When it comes to using technology, teachers have a lot to learn from their digital-era students who are always up to date on the latest apps or social media applications.
In the North Colonie school district, the plan this school year is take advantage of their pupils’ tech savvy by enlisting them to solve problems.
Students will get a half-credit for participating in the district’s information technology program. The program is an outgrowth of one launched last school year, where students volunteered time in the library to help classmates with technology-related issues.
“A part of it is helping students with technology but it’s also about teaching them,” said incoming senior Unnas Hussain. “We don’t just want tech students. We want artists. We want designers.”
As an example of the problem-solving students can do, they point to a group of Girl Scouts who wanted to assist students just learning English as they get oriented to Shaker Junior High School. The students hit on the idea of posting signs with QR codes that could be read by a smartphone, offering a translation into the students’ native language.
That thought would not have occurred to a teacher or administrator, said Kathy Skeals, assistant superintendent for curriculum and instruction for the district.
Hussain was among students who made a video about the program, which will hold its first meeting for interested students Sept. 15. Helping students learn to make videos or creating instructional videos is part of what the students could produce.
Teachers and administrators say they are deliberately vague on what students could do because they want them to generate their own ideas.
“I want this to be a total, student-created idea,” said Gary Cimorelli, technology integration specialist for the district.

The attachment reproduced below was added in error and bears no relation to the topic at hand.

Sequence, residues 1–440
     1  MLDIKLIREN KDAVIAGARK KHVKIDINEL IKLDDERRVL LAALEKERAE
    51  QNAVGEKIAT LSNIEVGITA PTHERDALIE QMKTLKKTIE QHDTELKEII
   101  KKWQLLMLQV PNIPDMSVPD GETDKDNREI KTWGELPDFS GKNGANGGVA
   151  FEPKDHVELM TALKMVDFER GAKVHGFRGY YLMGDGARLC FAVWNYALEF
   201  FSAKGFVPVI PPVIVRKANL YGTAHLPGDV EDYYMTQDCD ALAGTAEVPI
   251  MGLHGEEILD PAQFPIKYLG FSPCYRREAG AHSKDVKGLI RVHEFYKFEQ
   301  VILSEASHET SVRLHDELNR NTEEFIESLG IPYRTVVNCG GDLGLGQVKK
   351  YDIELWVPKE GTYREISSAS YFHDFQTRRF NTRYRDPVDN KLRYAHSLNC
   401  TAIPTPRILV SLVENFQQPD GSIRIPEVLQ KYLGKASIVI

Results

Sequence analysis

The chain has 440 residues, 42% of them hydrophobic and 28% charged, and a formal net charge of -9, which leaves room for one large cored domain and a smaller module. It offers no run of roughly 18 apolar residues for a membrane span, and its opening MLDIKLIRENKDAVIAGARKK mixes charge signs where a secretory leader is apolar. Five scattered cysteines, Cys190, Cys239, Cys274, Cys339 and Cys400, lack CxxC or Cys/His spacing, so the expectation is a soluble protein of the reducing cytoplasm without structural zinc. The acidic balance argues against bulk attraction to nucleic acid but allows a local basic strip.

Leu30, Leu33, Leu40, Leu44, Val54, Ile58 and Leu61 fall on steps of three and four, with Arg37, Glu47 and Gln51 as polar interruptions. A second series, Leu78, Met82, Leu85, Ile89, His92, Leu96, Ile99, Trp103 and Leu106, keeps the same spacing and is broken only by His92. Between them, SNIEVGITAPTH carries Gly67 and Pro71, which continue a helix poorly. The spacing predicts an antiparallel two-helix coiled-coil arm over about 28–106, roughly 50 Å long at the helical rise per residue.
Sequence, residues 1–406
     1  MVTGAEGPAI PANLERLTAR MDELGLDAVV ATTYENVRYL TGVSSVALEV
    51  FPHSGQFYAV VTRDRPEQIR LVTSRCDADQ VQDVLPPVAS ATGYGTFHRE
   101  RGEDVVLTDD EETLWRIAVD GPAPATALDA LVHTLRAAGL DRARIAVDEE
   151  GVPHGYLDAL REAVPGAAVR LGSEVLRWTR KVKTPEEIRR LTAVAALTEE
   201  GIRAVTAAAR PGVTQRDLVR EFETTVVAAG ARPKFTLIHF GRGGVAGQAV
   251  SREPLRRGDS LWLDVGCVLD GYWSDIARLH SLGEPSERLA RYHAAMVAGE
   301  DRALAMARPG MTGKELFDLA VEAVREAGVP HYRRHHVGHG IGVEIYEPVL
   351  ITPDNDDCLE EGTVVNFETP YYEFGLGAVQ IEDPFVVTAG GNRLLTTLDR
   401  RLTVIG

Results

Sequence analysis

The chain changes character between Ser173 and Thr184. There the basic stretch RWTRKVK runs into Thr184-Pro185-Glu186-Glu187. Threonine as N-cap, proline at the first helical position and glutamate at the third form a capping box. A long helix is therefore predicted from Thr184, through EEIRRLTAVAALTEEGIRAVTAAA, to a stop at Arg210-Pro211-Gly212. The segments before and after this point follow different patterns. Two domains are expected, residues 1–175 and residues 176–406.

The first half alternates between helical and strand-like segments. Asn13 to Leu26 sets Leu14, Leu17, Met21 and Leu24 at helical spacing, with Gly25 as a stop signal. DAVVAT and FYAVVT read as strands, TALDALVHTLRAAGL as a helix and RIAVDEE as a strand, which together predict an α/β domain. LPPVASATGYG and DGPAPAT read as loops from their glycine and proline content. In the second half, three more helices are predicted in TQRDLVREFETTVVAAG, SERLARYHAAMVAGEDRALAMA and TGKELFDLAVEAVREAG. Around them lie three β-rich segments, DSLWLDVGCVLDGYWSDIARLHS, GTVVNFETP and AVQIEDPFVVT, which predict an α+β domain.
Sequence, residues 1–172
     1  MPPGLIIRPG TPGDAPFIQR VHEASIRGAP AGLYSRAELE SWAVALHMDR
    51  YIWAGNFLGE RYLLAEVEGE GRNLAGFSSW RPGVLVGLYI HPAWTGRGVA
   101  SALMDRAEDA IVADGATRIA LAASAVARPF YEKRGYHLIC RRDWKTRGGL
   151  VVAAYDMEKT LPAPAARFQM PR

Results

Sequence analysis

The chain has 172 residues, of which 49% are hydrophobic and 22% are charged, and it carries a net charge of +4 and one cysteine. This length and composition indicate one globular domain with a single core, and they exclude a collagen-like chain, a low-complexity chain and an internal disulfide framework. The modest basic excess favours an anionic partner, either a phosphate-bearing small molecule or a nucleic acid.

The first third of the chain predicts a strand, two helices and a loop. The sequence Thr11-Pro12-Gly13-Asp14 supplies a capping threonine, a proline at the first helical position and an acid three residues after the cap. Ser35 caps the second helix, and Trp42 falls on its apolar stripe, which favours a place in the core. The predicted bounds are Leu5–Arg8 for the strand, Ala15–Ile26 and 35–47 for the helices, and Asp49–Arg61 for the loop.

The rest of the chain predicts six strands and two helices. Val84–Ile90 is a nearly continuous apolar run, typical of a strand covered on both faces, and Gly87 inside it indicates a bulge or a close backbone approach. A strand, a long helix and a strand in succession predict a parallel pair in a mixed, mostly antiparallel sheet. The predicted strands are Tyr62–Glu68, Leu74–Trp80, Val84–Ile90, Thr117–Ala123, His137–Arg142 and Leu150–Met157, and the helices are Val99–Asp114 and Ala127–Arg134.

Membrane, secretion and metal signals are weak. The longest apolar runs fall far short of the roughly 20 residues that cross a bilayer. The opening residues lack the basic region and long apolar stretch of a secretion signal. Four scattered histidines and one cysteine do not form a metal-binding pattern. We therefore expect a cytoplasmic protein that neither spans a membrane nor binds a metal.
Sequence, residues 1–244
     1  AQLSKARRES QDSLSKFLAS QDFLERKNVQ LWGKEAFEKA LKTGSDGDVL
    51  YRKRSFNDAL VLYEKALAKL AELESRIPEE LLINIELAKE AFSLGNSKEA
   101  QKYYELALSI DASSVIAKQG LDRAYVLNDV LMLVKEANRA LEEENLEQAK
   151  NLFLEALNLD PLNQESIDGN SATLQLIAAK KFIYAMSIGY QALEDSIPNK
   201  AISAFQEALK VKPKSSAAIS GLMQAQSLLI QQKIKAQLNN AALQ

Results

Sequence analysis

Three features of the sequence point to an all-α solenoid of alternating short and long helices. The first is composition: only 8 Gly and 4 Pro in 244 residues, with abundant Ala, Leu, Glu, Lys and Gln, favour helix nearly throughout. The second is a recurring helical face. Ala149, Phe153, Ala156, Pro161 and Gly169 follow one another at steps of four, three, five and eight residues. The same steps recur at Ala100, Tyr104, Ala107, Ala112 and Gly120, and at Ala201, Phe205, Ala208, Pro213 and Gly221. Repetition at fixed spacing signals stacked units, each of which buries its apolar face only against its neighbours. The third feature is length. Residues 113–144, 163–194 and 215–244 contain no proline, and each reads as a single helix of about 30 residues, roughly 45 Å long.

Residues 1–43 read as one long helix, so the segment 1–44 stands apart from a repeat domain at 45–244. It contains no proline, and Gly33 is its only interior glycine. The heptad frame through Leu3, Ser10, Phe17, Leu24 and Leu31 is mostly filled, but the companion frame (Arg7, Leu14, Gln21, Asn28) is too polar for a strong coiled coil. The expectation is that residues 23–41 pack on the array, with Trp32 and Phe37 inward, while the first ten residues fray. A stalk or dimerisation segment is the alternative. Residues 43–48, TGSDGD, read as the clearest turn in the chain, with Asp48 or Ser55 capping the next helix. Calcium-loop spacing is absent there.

Lauren Sheeler, a Spanish teacher and dean for grades 11 and 12, said tech support is still a big part of the program. Participating students spend one hour a week helping classmates.
The expansion will require them to work independently on a school project or tutorial.
“It’s collaborative. Different kids will be working on different things,” she said. “We’re looking for kids who want to look for new information, new apps. … If you give them too many instructions, you start limiting what the students can do.”
Skeals added the program will mirror how a workplace runs. “People sit around and brainstorm ‘We have this problem. How do we solve it?’ ” she said.
The program also will provide a way to tap into students’ creativity not otherwise available, Sheeler said. “This gives students in school if they are not an athlete, not in theater, it’s another outlet where they can contribute to the school.”
During his time helping students as a tech adviser in the library, Hussain said he saw the questions change over the course of the year.
“The problems started to become different, more complex,” he said.
The students in the program will create a website where their ideas can be posted and shared.
Sheeler said students today are much more accustomed than their instructors to problem-solving with technology.
“It’s probably another decade before the digital age kids are teaching,” she said.
“If we don’t use our students as our best resource, we’re missing out,” Skeals agreed.